If the cable holding up a lift snaps and you plummet earthward, can you survive by jumping just before you hit the ground? This sounds like a job for Newtonian physics!
Let’s set up the problem. Let:
= the height from which the elevator falls.
= the maximum height from which you could fall onto solid ground and survive more often than not
= your vertical leap height i.e. how high can you jump?
Now, in the absence of wind resistance (more on that later), we can relate these quantities to relevant velocities (a.k.a. speed; g = 9.8m/s^2 = acceleration due to gravity):
= the velocity of the elevator just before it hits the ground.
= the maximum impact velocity that you could survive
= your velocity as you leave the ground, jumping vertically.
Jumping (assuming that your mass is much less than that of the lift) means that the velocity at which you hit the ground is reduced from to . You survive if this number is less than . Putting it all together, jumping will allow you to survive a fall from a height of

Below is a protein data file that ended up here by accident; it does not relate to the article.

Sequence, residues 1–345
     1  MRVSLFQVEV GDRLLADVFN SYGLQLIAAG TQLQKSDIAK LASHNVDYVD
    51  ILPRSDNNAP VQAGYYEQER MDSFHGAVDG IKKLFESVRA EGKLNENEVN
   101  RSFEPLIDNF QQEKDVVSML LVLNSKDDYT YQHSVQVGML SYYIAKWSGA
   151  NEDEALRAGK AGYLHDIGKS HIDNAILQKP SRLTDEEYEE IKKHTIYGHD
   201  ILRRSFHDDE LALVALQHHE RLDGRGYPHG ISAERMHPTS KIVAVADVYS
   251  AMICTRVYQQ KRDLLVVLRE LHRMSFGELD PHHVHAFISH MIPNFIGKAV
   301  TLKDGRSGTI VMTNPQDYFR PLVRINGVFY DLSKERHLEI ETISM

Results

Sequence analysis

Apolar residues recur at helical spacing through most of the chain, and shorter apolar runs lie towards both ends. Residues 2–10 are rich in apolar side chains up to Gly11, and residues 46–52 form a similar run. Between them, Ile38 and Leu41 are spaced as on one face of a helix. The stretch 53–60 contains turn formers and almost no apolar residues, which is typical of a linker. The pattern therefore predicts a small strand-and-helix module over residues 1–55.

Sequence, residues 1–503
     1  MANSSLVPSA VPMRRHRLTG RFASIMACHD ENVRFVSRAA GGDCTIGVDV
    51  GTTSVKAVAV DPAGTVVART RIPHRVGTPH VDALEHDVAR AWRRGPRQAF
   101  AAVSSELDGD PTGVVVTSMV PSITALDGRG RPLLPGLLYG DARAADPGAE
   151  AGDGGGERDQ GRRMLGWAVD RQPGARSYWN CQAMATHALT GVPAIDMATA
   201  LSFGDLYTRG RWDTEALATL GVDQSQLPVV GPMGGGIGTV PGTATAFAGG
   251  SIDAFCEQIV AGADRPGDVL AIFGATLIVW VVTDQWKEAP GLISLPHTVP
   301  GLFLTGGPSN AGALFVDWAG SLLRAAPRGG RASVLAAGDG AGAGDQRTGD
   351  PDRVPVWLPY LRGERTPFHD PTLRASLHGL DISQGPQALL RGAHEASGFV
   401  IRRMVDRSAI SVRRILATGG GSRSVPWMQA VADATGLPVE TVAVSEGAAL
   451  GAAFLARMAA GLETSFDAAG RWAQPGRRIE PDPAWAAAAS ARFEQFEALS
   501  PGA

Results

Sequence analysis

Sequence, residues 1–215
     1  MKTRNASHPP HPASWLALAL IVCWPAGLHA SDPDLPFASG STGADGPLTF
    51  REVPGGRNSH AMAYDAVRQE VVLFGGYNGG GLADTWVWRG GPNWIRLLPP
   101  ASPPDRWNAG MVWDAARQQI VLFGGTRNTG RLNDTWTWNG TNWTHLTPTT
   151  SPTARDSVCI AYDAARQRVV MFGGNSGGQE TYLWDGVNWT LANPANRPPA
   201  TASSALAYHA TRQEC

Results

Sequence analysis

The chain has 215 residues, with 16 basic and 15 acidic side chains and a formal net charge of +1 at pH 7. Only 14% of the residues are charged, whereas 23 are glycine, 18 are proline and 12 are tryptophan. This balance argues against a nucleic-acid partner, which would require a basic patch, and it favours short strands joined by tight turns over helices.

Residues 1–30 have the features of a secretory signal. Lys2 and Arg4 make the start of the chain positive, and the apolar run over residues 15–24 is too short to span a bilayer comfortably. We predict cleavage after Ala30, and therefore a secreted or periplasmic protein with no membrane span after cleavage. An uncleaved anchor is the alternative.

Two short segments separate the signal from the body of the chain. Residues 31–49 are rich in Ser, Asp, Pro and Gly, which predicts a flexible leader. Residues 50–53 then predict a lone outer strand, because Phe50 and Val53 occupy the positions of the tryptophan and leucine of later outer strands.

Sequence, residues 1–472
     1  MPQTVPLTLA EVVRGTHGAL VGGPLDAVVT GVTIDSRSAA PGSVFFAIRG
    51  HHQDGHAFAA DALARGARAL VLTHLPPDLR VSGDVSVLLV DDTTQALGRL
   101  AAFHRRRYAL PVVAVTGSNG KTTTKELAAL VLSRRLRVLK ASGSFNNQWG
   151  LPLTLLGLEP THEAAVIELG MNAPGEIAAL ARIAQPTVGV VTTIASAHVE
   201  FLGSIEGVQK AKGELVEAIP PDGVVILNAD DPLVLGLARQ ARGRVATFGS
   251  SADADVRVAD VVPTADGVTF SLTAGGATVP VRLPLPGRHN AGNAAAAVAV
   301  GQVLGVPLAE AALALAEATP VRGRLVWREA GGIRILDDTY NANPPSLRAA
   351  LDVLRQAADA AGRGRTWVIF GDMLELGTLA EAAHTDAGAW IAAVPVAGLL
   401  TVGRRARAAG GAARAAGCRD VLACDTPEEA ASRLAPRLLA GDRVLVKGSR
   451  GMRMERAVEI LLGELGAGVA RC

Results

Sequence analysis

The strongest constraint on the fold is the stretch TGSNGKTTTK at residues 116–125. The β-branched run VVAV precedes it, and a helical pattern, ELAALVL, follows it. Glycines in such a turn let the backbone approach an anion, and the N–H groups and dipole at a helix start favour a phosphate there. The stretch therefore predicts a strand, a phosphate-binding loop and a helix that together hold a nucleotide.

For example, if you could ordinarily survive a fall of 25 metres, and can perform a vertical leap of 0.5 metres, then you could survive an elevator fall of 32.5 metres.
However, the assumption of zero wind resistance for the falling lift probably isn’t reasonable. The lift is likely to reach terminal velocity, slowed by the compression of the air in the elevator shaft. In this case, we would need the terminal velocity to be less than
In our example, a 25 metre (ballistic) fall is a velocity of 80km/h. A perfectly timed jump would allow you to survive a terminal velocity of 91km/h.
In conclusion, modern elevators have a wide variety of safety backups – it isn’t just a single cable. But if the worst should happen, you might as well jump.